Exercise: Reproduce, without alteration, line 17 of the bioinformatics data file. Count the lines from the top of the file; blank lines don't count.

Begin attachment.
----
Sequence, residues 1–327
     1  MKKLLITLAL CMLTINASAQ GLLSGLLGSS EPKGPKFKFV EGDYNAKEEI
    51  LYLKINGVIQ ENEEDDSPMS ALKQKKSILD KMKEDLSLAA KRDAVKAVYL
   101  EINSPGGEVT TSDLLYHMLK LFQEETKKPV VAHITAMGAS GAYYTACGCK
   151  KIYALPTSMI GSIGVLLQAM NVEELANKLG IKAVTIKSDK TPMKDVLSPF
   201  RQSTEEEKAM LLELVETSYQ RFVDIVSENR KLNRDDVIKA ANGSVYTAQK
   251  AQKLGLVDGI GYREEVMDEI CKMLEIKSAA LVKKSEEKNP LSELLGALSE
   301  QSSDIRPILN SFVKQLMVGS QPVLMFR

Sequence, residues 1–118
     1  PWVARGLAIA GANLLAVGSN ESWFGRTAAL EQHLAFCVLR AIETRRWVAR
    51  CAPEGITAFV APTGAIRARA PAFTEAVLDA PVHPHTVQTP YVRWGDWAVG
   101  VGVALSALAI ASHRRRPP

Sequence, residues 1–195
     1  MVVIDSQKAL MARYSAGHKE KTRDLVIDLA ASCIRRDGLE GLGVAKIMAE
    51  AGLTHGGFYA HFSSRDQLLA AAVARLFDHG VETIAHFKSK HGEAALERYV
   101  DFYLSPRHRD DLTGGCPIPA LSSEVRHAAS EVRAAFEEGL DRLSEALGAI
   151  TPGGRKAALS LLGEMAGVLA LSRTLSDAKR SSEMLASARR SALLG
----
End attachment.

   151  TPGGRKAALS LLGEMAGVLA LSRTLSDAKR SSEMLASARR SALLG